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Second Edition of the First Map of the Province of Maryland -- Prepared To Promote The Newly Created Province

Fine example of John Ogilby's rare Lord Baltimore Map, the second edition of the first printed map of Maryland and the first to show the bounds of the newly created province.

The map is drawn largely from John Smith's and Cyprian Thorowgood's explorations. Papenfuse speculated that the map may have been prepared by two members of the first expedition to the New Colony, by Jerome Hawley and John Lewger, but the maker remains unknown.

As noted in the online description of the map by the Museum of Early Southern Decorative Arts:

In 1632, Charles I granted a charter to Cecil Calvert, Lord Baltimore, for the province of Maryland, and by the summer of 1634, the Calverts had established their first colony. The colony was so prosperous that, according to Papenfuse and Coale in their “Atlas of Historical Maps of Maryland, 1608-1908,” more than 25,000 people left England between 1634 and 1681 for Maryland alone.

This map, published by John Ogilby in 1671 is essentially a second edition of a map bearing the same title, published in 1635 to accompany a promotional tract for the Colony of Maryland. Designed to attract potential colonists to the new world, these pamphlets generally describe the richness of the resources and the potential for economic success. Lord Baltimore’s 1635 tract titled A RELATION OF MARYLAND, also provided an inducement to potential colonists by offering 1000 acres to anyone who would transport laborers to the colony. Lord Baltimore further offered 100 acres for each man or woman, 50 for each child and 50 for each servant.

The map published by Lord Baltimore in his promotional tract was the first separate map published of the area. It was designed to illustrate the boundaries as cited in the original Charter. Unfortunately for Lord Baltimore, his map contained errors that would later serve to his detriment. Disputes over the boundaries between Maryland and Pennsylvania lasted virtually from the time that William Penn received his land grant in 1680 until the Mason Dixon line was run in the 1760s.

In the earlier version of the map (1635) . . . , the 40th degree of north latitude was incorrectly drawn to include just part of the head of the Chesapeake Bay. By the publication of Ogilby’s version of the map, the dotted line marking the northern boundary of the colony had been cleverly changed to include an additional two rows of trees within Maryland’s bounds, thus extending the border northward.

One of the issues in the dispute between the Penn family and Lord Baltimore was whether the Maryland border should be at the 40th degree of latitude as accurately surveyed or at the latitude where it was thought to have been when Lord Baltimore received his grant. Lord Baltimore’s own erroneous map was eventually used by the Penn family as evidence to illustrate that Pennsylvania’s boundary should be farther south.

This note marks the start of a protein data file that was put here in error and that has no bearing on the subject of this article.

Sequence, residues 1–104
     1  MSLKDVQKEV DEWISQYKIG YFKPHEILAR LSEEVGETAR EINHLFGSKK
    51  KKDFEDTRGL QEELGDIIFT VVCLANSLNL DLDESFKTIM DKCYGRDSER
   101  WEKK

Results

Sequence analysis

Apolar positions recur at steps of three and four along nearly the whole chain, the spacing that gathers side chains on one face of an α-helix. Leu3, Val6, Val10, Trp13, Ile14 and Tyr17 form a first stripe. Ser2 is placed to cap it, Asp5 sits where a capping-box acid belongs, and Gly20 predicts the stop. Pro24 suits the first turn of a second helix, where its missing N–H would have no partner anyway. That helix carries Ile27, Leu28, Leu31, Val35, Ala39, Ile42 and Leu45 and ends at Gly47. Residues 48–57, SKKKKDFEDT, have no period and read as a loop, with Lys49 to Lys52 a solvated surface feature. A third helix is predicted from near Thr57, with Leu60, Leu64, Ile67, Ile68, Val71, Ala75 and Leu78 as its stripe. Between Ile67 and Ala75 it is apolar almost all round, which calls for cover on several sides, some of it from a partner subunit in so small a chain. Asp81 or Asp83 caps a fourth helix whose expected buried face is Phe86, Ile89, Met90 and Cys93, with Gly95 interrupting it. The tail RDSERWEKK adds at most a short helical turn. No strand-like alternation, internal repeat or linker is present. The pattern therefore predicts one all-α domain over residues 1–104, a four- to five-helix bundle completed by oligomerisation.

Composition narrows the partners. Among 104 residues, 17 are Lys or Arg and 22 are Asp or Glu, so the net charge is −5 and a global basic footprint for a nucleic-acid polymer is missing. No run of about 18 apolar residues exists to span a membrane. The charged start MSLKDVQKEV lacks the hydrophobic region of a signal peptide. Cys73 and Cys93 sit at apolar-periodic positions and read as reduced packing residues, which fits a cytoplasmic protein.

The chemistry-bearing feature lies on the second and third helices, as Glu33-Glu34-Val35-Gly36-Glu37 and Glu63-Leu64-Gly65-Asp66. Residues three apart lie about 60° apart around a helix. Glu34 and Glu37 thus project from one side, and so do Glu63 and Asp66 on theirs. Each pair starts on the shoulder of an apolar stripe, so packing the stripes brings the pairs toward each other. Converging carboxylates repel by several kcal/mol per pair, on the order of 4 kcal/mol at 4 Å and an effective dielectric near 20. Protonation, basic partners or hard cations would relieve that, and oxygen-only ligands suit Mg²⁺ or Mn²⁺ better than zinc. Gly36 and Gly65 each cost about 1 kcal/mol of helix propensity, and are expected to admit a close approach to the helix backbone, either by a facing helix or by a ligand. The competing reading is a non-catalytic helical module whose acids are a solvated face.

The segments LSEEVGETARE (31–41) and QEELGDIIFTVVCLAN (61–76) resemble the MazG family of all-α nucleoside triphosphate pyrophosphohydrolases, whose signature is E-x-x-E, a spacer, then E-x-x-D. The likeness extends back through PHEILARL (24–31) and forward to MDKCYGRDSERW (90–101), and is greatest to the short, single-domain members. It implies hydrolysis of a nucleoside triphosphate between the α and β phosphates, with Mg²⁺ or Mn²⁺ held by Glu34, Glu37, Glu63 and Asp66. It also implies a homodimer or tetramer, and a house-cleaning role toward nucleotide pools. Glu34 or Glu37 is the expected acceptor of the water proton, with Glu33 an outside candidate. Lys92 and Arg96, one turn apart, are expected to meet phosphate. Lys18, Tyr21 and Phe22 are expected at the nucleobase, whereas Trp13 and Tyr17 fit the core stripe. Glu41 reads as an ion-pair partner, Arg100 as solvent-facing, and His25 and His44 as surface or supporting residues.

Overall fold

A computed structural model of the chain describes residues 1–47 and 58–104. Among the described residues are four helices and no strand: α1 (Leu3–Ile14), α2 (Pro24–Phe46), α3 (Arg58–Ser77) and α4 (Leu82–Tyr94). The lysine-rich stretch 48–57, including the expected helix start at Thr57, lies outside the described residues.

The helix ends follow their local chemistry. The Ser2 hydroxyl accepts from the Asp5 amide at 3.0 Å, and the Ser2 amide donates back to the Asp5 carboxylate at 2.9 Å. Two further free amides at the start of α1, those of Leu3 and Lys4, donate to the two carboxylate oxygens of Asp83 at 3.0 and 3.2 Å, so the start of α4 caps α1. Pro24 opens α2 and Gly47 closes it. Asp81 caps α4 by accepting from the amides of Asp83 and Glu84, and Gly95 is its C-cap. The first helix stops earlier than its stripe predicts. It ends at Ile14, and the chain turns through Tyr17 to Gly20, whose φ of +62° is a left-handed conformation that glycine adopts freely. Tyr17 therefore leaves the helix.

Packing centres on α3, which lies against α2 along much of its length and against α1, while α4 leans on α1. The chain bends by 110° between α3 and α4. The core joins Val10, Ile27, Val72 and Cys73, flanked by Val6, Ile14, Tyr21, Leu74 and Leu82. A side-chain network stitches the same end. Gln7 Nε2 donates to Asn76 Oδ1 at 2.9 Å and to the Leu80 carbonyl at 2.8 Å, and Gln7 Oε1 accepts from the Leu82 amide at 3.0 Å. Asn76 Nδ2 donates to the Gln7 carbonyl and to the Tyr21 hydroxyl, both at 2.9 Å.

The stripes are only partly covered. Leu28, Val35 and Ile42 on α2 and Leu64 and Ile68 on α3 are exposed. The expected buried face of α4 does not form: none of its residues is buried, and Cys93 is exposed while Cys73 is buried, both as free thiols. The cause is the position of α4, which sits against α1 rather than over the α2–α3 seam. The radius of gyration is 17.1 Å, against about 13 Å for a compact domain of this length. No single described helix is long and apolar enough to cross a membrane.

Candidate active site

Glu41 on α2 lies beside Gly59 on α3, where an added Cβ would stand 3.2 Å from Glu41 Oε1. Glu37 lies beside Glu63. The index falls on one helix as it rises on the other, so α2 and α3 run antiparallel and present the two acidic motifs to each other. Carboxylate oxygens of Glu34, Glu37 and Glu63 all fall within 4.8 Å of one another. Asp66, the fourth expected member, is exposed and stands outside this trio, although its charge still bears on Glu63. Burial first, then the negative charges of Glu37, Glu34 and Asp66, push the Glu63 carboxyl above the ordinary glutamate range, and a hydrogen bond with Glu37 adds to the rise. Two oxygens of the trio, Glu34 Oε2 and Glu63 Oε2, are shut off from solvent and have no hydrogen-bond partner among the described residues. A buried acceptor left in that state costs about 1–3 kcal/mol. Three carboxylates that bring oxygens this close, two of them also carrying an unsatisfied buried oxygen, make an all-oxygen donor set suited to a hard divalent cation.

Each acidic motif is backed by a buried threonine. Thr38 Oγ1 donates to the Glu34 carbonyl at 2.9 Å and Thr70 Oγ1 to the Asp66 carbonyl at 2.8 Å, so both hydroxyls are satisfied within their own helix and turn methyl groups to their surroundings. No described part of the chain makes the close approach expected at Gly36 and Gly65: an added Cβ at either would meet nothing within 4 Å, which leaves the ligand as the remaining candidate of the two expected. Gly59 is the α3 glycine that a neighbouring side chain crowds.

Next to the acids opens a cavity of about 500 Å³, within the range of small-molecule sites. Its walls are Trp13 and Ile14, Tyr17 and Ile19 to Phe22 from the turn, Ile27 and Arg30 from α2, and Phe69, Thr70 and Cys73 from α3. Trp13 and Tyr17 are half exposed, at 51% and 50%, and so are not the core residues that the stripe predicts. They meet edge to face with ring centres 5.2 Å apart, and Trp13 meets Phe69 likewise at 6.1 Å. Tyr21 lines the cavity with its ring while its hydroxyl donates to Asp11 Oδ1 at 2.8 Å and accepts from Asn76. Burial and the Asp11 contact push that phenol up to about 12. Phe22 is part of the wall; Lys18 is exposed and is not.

The banner beneath the upper right coat of arms reads: “The Atchieument of the Right Honoura.ble/ Cæcilius Calvert Baron Baltemore/ de Baltemore Absolute Lord and/ Proprietary of the Provinces of Maryland, and Avalon.”

Ogilby's Second Edition

The second edition of the map, offered here, was prepared by John Ogilby, to illustrate his tract on Maryland to accompany his America of 1671.  Papenfuse notes that Ogilby "undoubtedly had assistance from Lord Baltimore and in fact seems to have known about the creation of Cecil County before it was legally recognized by Maryland. . . Lord Baltimore did not create Cecil County until 1674; yet it is to be found both in Ogilby's text and on his map . . . "  

 An essential map for Maryland collectors.

Papenfuse pp 4-11; Burden 240; MESDA:
John Ogilby Biography

John Ogilby (1600-1676) was an English geographer and publisher, one of the most prominent of the seventeenth century. Little is known of his early life but by 1619 he was apprenticed to John Draper, a dancing-master in London. He worked as a dancing-master, courtier, and theater owner form 1620-1641. From 1649 he worked as a poet, translator, and publisher of classical texts. It is only in the last decade of his life that he entered into geography.

In 1649, Ogilby published his first translation, of Virgil, and continued to put out translations in the 1650s and 1660s. In March 1661 he was reconfirmed as master of revels in Ireland and appointed master of the king’s imprimeries, or king’s printer. From 1662 to 1665 he was in Ireland, where he most likely met Robert Boyle. He returned to London only to lose much of his printing stock in the Great Fire of 1666. Post-fire, he became assistant surveyor to the city, where he met Robert Hooke and Christopher Wren.

In 1669, Ogilby published Embassy to China. At the same time, he planned to release atlases that would cover the entire world. These atlases would be funded via subscriptions, advertisements, and lotteries—all common practice at the time, especially for expensive multi-volume works. He released Africa and Atlas Japannensis in 1670, America in 1671 and Atlas Chinensis in 1671, and Asia in 1673. Ogilby compiled the works based on materials produced by others and they reflect a growing interest in the wider world within England.

In 1671, while producing the atlases, Ogilby secured another royal title, that of his Majesty’s cosmographer. He used this title when publishing Britannia in 1675, his best-known work. The Britannia is best described as a road atlas; it shows 2519 miles of road in 100 strip maps. This technique would be widely adopted in the subsequent century. His method of measuring with a waywiser, a large wheel, also helped to standardize the distance of the English mile at 1760 yards. The Britannia was a major achievement in early English cartography and was republished in 1698, 1719, and 1720.